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Unit 2 Brands, Іноземна мова

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Unit 2 Brands


In order to be able to discuss branding you need to consider the concept and definition of brand. For this purpose you can use the following glossary of terms: 

Glossary of marketing terms:


Glossary of marketing terms:


Sales and marketing glossary: 


Language focus: check up your knowledge of the related marketing terms at


Pre-reading task: before you read the article check up your knowledge of brands and their slogans at



Read the article by Lois Geller, an owner of a Marketing company in Hollywood, Florida from the information resource: 



In one sense, perhaps the most important sense, a brand is a promise. Think of some top brands and you immediately know what they promise: McDonald’s, Coca Cola, Budweiser, Ford, Apple, MetLife.

You know what you’re going to get with a well-branded product or service.

In another sense, a brand is a specific combination of logo, words, type font, design, colors, personality, price, service, etc.

It’s also a bundle of attributes. Think of Volvo, for instance, and your first thoughts are probably going to be something like “well built, comfortable, Swedish” and, most of all, “safety.”

The promise, look, personality and attributes can eventually acquire a special patina of what I call “me” appeal. Buying a certain brand says something about the person who buys it. Apple has that patina. So does Prius. The booze and clothing businesses are filled with patina products: Cristal, Guinness, Ralph Lauren, Manolo Blahnik.

All of this can lead to sub-brands, like iPhone and iPad which acquire the aura of the parent brand.

It takes a lot of time, money and very hard work to build and maintain great brands like that, brands that can speak volumes in just a few syllables.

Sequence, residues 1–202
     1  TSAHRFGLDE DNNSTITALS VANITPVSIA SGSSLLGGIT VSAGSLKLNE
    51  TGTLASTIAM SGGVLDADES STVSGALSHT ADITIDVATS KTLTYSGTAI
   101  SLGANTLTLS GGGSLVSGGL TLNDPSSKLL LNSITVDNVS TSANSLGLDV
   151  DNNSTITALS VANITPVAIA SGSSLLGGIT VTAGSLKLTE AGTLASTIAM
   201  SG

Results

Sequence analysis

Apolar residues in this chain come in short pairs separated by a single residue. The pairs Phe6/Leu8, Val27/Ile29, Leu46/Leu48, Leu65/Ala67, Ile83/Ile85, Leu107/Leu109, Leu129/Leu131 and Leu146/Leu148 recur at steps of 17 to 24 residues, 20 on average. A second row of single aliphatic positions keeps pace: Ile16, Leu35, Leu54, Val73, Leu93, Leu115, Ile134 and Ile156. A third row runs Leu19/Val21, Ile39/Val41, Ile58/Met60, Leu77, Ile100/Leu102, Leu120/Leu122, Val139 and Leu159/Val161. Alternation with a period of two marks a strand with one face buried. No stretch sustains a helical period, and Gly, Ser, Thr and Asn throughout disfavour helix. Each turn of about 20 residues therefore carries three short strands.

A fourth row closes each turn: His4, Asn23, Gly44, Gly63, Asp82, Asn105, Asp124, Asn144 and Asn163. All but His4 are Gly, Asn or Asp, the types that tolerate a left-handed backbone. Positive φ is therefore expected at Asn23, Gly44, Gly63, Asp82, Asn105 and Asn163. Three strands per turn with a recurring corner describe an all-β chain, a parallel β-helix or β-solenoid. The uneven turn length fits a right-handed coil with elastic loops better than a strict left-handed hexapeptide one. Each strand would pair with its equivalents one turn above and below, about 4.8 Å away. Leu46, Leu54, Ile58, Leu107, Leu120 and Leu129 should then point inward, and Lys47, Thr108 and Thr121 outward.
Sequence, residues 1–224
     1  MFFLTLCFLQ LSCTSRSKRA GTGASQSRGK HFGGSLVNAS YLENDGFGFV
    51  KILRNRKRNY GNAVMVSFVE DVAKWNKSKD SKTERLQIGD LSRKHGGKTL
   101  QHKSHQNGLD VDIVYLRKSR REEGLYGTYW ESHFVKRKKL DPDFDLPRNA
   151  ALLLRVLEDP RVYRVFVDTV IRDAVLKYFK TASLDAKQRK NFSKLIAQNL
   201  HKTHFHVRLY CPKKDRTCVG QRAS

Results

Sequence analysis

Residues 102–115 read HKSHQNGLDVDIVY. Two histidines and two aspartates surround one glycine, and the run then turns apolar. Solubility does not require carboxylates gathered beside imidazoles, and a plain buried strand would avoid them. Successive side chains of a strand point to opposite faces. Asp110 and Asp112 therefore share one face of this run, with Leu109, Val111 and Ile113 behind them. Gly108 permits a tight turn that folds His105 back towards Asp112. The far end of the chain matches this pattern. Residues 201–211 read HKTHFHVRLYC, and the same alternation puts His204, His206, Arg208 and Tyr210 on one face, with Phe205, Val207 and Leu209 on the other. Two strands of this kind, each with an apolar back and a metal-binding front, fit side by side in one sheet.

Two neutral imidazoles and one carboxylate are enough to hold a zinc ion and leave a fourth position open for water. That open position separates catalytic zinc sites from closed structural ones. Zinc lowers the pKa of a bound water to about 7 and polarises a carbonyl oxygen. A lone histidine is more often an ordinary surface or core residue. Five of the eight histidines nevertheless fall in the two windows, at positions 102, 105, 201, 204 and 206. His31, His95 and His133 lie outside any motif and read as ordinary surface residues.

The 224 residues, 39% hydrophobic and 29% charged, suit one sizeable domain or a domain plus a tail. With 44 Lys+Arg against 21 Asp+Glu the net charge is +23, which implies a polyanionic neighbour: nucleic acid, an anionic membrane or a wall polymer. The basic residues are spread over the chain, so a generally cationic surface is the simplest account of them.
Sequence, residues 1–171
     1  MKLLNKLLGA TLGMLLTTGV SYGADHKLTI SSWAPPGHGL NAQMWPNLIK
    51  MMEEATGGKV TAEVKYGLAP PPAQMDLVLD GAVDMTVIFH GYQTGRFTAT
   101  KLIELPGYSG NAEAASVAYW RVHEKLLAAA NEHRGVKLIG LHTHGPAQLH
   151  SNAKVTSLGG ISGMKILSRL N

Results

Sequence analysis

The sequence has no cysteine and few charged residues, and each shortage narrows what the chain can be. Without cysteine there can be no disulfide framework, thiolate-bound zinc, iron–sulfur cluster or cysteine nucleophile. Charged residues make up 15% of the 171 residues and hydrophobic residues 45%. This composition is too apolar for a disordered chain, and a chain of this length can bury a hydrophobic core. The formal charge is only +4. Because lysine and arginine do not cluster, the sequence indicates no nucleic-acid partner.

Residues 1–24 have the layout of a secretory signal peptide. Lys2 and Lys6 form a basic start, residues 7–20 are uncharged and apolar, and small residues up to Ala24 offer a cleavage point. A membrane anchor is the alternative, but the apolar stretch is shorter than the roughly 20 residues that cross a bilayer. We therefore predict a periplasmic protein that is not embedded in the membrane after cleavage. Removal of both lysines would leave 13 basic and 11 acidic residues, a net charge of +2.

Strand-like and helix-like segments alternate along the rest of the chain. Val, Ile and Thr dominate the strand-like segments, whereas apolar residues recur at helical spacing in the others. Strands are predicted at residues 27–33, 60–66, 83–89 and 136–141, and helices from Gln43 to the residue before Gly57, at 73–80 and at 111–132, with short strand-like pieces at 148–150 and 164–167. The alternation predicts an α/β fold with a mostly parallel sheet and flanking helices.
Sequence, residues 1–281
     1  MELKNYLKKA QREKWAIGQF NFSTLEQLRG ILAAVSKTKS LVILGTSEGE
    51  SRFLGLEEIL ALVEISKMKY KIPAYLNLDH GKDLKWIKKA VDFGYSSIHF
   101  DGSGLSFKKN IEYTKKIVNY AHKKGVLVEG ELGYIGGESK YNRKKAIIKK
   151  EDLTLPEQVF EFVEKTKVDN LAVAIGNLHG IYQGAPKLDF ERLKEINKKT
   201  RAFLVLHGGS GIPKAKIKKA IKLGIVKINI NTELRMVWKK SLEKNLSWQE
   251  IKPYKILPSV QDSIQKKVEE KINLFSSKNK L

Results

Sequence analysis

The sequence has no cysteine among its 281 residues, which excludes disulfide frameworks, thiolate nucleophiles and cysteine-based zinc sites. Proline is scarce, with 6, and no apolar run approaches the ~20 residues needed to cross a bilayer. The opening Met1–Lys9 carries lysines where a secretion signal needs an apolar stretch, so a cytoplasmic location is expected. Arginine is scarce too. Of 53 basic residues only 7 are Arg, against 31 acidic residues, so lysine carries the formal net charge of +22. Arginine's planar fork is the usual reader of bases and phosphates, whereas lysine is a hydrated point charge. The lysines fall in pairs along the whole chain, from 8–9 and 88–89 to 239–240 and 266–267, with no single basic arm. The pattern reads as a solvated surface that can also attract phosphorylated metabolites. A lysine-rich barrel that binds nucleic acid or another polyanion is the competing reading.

That’s why I’m usually rendered speechless when a prospective client asks us for a quick “Brand”.

It happens a lot more often than you’d think. I love developing brands from scratch but when the client needs something quick, there’d better be a strong existing brand already in place.

If you’re going to develop your brand, the last thing you want to do is follow the beaten path. You want to head down your own road. Your brand has to plant itself in the hearts and minds (especially hearts) of prospects and customers.

It also has to be memorable. Your brand is the focus of all your marketing efforts (yes, it needs to say something about your company, connect with your target market, be motivating in some way and always create loyalty).

Sometimes a brand is memorable because of the little things. 
TD Bank has a special place in their branches for you to deposit all those coins you collect in jars. It’s called the Penny Arcade and makes it a fun game and you can even win prizes. If your kids collect coins, you might want to open a TD account so they can enjoy the process of saving their money there. Years ago Dime Savings Bank in New York had a small dime carrier it gave to kids and then they’d fill up the 50 slots with a dime in each one (Dime Bank, get it?) and bring it to exchange for a $5.00 bill. Little things can mean a lot (and little things are all do-able on the smallest budget.)